• Half Gallon Wide Mouth Jars
Directions: 

  1. Put peeled eggs in a 2 1/2 quart jar (if you use more eggs you will need a bigger jar).
  2. Boil all ingredients including juice from jalapeno can (except eggs, of course) for 15 minutes.
  3. Pour hot mixture over eggs until eggs are covered.
  4. Add hot water to jar to fill if needed. Seal jar.
  5. Marinate in refrigerator for 2 weeks before using. The longer they stand, the stronger the flavor.
  6. Note: for a stronger flavor, poke hole in the eggs with a toothpick before marinating.

51V8oKR115L._SY450_

Buffalo Spice Mix

IMG_20130531_090255Ingredients:

  • 1 and 1/4 teaspoon salt
  • 1 teaspoon chili powder
  • 3/4 teaspoon black pepper
  • 1/2 tsp cayenne pepper
  • 1/4 teaspoon paprika
  • 1/4 teaspoon onion powder
  • 1/4 teaspoon garlic powder
  • 1/8 teaspoon ground cumin

Note: The ingredient list above is for one serving. Not for a complete Quart Jar

Canning Apple Pie Filling

DSCN4032-300x225This is one of my favorite things in the world to can!! Who doesn’t like apple pie right? 🙂 This recipe is great for apple pie but we also use it as a warm ice cream topper as well.

You always hear of people canning peaches, and meats, jams or jellies, but I never heard of canning apple pie filling until a woman at my church suggested it. So I rushed home, excited to have something new to can.

Everyone has their own special recipe for baking their delicious apple pies so my advice would be stick to what you know or if you would like to try my recipe to see how you like it please feel free.  You can always go stock up on canned apple pie filling, but I think in the long run, making your own is always better and might even save you some money. One of my favorite things about canning apple pie is when the kids come home from school, or the husband comes home from work and they rush to the kitchen expecting to see an apple pie ready to eat. Then they round the corner and find that the kitchen looks like a tornado hit it. My daughter always moans, ” I am NOT cleaning this up mom!” Then I open the oven and she sees the pie and starts helping lol. Kids are great. 🙂 So back on topic now, here are the things you will need:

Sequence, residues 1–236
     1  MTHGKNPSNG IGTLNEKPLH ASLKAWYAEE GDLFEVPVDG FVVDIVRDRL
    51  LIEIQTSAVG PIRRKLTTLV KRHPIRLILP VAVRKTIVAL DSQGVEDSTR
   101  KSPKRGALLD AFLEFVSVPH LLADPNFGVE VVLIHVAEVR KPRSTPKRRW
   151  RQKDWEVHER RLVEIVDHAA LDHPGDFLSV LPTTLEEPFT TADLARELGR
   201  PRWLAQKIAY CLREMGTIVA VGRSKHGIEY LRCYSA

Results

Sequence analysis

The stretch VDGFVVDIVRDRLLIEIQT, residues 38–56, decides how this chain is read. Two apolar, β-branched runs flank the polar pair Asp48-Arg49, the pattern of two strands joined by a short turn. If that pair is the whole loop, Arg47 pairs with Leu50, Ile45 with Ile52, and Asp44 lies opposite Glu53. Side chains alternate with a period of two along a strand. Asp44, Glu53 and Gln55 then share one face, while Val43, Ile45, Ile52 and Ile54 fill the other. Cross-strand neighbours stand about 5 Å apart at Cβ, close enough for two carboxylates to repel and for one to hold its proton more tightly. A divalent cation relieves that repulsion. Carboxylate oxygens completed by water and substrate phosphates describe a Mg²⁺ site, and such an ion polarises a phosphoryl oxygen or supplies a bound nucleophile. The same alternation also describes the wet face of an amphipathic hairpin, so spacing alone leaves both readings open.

Tools Needed:

Ingredients:

  • 4 1/2 cups white sugar, or 3 cups white sugar and 1 1/2 cups brown sugar. Which ever you prefer.
  • 1 1/2 cups clear gel. This is used instead of corn starch as CS has been proven un-safe for canning recipes. Clear gel is not to be confused with sure gel. They are not the same thing.